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Schelling's Game Theory: How to Make Decisions

By Robert V. Dodge | Go to book overview

CHAPTER 20
Randomization in Decision-Making

This chapter looks at the role of randomness in decision-making and discusses the inclusion of a random factor in the solution to two-person, zero-sum games, which set the stage for the formal beginnings of game theory.

Decisions have long been made on the basis of randomness to be seen as transparently fair. “The tradition of making a decision by casting lots is ancient and has existed all over the world and at all times,” writes John Lindblum,1 as he notes its many uses in the Old Testament. Herodotus tells us that Darius of ancient Persia agreed to settle who would rule their great empire by meeting in a given place on a given day and seeing whose horse would neigh first, and his was first.2 In ancient democratic Athens, where democracy was equated in many ways with equality, selection by lot determined membership in the Council and filled positions on the courts as well as determining who would serve as public officials. While particularly associated in Greece with the radical democracy of the fifth and fourth centuries BC in Athens, casting lots can be found in the earliest Greek literature, with references to it in both Homer’s Iliad and Odyssey.3 The word “decimate” comes from a disciplinary practice in the Roman Army that involved random choice, when units found to have been cowardly or to have retreated in battle were marked for punishment, and one man in every ten in entire cohorts was selected by lot to be murdered by his fellow soldiers.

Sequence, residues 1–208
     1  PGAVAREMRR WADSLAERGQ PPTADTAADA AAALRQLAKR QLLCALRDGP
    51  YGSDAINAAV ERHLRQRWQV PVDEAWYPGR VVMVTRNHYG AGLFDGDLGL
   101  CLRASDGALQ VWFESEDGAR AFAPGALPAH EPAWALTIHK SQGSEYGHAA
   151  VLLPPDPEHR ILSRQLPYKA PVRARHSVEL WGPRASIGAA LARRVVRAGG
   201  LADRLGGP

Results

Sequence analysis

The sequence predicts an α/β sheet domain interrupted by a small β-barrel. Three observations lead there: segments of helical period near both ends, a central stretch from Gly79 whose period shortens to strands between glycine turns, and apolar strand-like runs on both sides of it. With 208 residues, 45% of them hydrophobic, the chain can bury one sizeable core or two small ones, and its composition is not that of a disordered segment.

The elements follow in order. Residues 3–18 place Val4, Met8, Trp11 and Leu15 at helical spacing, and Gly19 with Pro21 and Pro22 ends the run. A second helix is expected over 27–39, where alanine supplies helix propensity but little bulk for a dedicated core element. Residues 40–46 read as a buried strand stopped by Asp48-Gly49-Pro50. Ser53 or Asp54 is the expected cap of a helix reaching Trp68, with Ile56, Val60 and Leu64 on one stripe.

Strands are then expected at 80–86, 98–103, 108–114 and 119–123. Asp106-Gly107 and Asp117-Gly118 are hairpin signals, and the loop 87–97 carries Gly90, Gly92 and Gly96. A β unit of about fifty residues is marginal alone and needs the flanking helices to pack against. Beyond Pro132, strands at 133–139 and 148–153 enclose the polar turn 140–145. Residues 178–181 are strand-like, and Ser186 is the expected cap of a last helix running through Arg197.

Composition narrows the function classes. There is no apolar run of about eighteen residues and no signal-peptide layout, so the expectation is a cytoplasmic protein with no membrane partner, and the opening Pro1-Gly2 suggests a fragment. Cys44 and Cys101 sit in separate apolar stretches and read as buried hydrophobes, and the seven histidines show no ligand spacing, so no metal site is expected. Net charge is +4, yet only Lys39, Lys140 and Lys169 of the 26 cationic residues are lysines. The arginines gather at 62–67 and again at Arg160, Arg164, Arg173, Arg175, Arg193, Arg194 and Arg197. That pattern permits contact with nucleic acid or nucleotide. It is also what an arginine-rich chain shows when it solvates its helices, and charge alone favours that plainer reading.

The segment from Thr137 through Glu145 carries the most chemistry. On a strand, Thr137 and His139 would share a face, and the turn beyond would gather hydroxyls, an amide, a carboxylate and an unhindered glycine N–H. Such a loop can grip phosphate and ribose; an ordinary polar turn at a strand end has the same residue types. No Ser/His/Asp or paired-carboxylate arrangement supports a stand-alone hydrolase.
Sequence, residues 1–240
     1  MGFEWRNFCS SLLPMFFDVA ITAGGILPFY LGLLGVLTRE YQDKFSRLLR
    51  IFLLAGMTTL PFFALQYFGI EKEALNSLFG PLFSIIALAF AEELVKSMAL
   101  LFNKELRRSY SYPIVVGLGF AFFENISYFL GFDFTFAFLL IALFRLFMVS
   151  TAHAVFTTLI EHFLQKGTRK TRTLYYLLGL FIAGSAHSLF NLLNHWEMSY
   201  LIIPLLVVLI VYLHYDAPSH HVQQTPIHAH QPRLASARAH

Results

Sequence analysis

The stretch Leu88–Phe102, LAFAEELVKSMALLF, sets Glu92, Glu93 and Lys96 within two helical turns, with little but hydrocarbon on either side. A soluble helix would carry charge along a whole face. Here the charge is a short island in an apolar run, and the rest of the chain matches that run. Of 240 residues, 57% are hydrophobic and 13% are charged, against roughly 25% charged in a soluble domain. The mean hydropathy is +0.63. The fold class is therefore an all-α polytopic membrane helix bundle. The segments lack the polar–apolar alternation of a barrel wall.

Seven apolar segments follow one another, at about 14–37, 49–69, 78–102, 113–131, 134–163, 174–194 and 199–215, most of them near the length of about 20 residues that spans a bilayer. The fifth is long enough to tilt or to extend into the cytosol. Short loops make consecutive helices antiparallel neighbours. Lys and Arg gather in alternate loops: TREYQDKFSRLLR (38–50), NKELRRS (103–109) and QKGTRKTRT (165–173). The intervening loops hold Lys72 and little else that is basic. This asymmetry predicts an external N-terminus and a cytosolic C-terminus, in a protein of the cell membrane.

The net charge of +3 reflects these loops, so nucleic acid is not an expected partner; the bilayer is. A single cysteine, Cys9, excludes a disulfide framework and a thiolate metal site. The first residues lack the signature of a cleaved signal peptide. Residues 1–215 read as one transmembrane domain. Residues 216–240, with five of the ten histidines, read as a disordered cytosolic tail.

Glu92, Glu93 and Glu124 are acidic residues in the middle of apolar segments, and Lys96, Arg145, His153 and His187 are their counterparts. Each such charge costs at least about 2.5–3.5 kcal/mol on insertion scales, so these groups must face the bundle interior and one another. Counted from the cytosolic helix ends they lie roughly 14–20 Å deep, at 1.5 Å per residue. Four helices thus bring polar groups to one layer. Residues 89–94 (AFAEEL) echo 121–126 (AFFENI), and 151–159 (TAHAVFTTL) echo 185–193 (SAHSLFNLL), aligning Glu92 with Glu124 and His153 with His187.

The transfer of difficult individual decisions to chance was justified as being fair. From the time of the Old Testament until the early modern age lotteries were also used for the purpose of discovering God’s will.4 With the rise of Christianity in Medieval Europe there was for a time a turn to this second strain of random decision, relying on divine judgment in difficult cases, in the use of trial by ordeal. For most simple matters procedures existed for resolving differences and determining guilt or responsibility, but it would not be until cities had grown and trade revived that law had the structure to deal with complex cases. Society was based on oaths and duties between unequals. In some cases of crimes and serious disputes it was considered best to leave the final decision in the hands of God. Trial by ordeal was the method. Among the ordeals were thrusting arms in boiling water to retrieve some item, burning by hot iron, dunking of suspected witches, and armed combat between parties with disagreements. Casting lots was a lesser ordeal. With the

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